Author Topic: Now’s the time to do a fat Roth conversion!  (Read 1383 times)

ChpBstrd

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Now’s the time to do a fat Roth conversion!
« on: March 12, 2020, 09:00:17 AM »
Suppose a stock in your traditional IRA is down 25-50%.
Also, there’s a good chance you’ll be laid off before year-end, reducing your tax bracket.
Or just suppose you’re already retired.

All these factors seem to suggest now is the time to convert assets into your Roth.
You can move 25-50% more shares into the Roth now for the same taxable amount than a month ago.
Plus, you’ll be earning less this year anyway, so maybe you can take the ordinary income from the conversion while in a lower tax bracket.

When stocks come back someday, as they always do, your Roth gets fat instead of your traditional or taxable account and you are that much wealthier because withdraws are now tax free. Yes, you paid a low tax earlier instead of a higher tax later, and there’s a time value argument there, but at today’s discount rate I’m pretty sure it works in favor of locking in the lower income amount and tax rate now.

There’s an even stronger case for tax loss harvesting from taxable accounts and contributing the full $6k or $7k (if over 50) before doing the conversion from your traditional IRA.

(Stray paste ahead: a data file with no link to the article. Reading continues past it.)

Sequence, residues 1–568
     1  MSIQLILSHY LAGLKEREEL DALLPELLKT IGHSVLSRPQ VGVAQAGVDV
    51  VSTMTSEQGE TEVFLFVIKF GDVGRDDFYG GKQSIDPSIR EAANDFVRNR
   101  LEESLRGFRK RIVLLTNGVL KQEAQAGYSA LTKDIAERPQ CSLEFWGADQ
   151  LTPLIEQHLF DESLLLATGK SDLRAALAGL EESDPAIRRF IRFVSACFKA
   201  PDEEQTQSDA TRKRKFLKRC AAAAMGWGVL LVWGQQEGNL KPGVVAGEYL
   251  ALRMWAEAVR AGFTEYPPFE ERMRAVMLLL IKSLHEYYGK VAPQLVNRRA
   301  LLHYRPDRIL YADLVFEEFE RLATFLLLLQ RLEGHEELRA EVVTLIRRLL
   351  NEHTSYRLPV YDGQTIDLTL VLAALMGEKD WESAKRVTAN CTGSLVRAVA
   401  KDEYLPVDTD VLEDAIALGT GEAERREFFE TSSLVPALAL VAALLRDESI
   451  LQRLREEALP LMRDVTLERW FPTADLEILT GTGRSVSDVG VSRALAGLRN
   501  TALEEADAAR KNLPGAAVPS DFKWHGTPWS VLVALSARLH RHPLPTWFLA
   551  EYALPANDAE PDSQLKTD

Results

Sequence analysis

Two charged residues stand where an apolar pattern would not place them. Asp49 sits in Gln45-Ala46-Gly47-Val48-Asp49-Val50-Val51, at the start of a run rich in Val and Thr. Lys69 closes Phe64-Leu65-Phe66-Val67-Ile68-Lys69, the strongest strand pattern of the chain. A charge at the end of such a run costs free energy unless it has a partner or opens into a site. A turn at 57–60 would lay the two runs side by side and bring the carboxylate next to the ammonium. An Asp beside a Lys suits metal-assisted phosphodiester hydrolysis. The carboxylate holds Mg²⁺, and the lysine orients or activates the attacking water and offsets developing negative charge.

Thoughts?

Dibbels81

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Re: Now’s the time to do a fat Roth conversion!
« Reply #1 on: March 12, 2020, 09:06:13 AM »
Great idea. Like most people, I have my money tied up in Vanguard accounts without ability to take advantage of rock bottom share prices. This would be a nice way to take advantage of the down market without risk exposure

SubL stache

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Re: Now’s the time to do a fat Roth conversion!
« Reply #2 on: March 12, 2020, 09:15:16 AM »
crap should have posted here instead of separate thread.

Spitfire

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Re: Now’s the time to do a fat Roth conversion!
« Reply #3 on: March 12, 2020, 12:38:01 PM »
I don't have a traditional IRA to convert, but this is a very good idea!

CarolinaGirl

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Re: Now’s the time to do a fat Roth conversion!
« Reply #4 on: March 12, 2020, 01:20:43 PM »
Agreed!  I moved a chunk yesterday and plan to move more today!

DavidAnnArbor

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Re: Now’s the time to do a fat Roth conversion!
« Reply #5 on: March 12, 2020, 04:17:10 PM »
Really good idea.

Keep in mind if you are dependent on subsidies from the ACA then you will be paying about a 10% tax on every dollar you convert.

Mr. Green

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Re: Now’s the time to do a fat Roth conversion!
« Reply #6 on: March 12, 2020, 04:24:08 PM »
In looking at rebalancing and tax loss harvesting, I'd completely overlooked the thought of doing our Roth conversion now. This is indeed an excellent idea that I'll research in depth tonight. I'm expecting another big drop tomorrow now that states are closing schools and major sports are basically all suspended now.

moneytaichi

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Re: Now’s the time to do a fat Roth conversion!
« Reply #7 on: March 12, 2020, 04:31:09 PM »
Thanks for reminding us! A great strategy!

I have $7700 T.IRA in money market with $4K contributed on March 3. If I convert them to IRA, would I be taxes with ordinary income?